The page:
11. Gerald Carlino & Satyajit Chatterjee, 2002. "Employment Deconcentration: A New Perspective on America's Postwar Urban Evolution," Journal of Regional Science, Wiley Blackwell, vol. 42(3), pages 445-475.
    Full references (including those not matched with items on IDEAS)

    Citations

    Citations are extracted by the CitEc Project, subscribe to its RSS feed for this item.
    as


    Cited by:

    1. Niels Vermeer & Wouter Vermeulen, 2011. "External Benefits of Brownfield Redevelopment: An Applied Urban General Equilibrium Analysis," CPB Discussion Paper 178, CPB Netherlands Bureau for Economic Policy Analysis.
    2. Vermeulen, Wouter, 2011. "Agglomeration externalities and urban growth controls," LSE Research Online Documents on Economics 57852, London School of Economics and Political Science, LSE Library.
    3. Niels Vermeer & Wouter Vermeulen, 2012. "External Benefits of Brownfield Redevelopment: An Applied Urban General Equilbirum Analysis," SERC Discussion Papers 0099, Spatial Economics Research Centre, LSE.
    4. Wouter Vermeulen, 2011. "Agglomeration Externalities and Urban Growth Controls," CPB Discussion Paper 191, CPB Netherlands Bureau for Economic Policy Analysis.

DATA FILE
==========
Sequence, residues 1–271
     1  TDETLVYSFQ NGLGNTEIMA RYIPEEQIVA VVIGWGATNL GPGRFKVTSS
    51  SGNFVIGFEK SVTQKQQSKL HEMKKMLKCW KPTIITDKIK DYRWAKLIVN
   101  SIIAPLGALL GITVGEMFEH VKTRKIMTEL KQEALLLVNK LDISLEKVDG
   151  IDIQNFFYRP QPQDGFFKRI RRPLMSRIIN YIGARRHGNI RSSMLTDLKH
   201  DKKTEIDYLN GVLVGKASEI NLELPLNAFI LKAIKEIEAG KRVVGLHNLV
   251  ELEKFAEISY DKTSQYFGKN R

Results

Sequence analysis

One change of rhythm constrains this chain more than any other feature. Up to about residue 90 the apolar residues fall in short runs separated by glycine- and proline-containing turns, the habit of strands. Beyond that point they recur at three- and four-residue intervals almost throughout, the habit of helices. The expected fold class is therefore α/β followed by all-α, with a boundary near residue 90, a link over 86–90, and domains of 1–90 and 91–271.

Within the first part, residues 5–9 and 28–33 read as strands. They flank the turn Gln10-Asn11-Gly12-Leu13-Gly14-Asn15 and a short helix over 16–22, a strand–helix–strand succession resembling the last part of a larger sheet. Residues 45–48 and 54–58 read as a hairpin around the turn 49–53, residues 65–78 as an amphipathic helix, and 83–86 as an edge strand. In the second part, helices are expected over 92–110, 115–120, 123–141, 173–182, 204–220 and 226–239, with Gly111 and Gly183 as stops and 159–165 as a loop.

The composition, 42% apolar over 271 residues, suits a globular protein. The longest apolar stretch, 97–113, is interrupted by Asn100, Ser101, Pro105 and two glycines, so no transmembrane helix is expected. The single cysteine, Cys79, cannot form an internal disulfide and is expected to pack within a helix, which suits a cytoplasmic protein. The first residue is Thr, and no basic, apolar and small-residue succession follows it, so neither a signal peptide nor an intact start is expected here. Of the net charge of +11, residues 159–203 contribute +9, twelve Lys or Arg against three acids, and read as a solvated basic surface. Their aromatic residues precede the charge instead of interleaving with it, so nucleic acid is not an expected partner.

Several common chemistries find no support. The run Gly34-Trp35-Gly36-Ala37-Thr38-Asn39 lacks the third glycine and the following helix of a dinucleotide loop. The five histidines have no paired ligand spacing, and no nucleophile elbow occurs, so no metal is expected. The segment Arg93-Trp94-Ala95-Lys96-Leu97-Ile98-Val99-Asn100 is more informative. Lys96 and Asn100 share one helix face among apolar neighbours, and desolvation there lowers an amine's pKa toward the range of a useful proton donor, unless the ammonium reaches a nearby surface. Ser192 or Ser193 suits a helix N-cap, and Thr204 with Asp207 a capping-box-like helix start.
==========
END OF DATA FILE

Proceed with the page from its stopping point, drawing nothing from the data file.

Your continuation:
5. Wouter Vermeulen, 2017. "Agglomeration externalities and urban growth controls," Journal of Economic Geography, Oxford University Press, vol. 17(1), pages 59-94.
    6. Vermeer, Niels & Vermeulen, Wouter, 2012. "External benefits of brownfield redevelopment: an applied urban general equilbirum analysis," LSE Research Online Documents on Economics 58337, London School of Economics and Political Science, LSE Library.

    More about this item

    Keywords

    Employment;

    NEP fields

    This paper has been announced in the following NEP Reports:

    Statistics

    Access and download statistics

    Corrections

    All material on this site has been provided by the respective publishers and authors. You can help correct errors and omissions. When requesting a correction, please mention this item's handle: RePEc:fip:fedpwp:06-20. See general information about how to correct material in RePEc.

    For technical questions regarding this item, or to correct its authors, title, abstract, bibliographic or download information, contact: (Beth Paul). General contact details of provider: http://edirc.repec.org/data/frbphus.html .

    If you have authored this item and are not yet registered with RePEc, we encourage you to do it here. This allows to link your profile to this item. It also allows you to accept potential citations to this item that we are uncertain about.

    If CitEc recognized a reference but did not link an item in RePEc to it, you can help with this form .

    If you know of missing items citing this one, you can help us creating those links by adding the relevant references in the same way as above, for each refering item. If you are a registered author of this item, you may also want to check the "citations" tab in your RePEc Author Service profile, as there may be some citations waiting for confirmation.

    Please note that corrections may take a couple of weeks to filter through the various RePEc services.

    IDEAS is a RePEc service hosted by the Research Division of the Federal Reserve Bank of St. Louis . RePEc uses bibliographic data supplied by the respective publishers.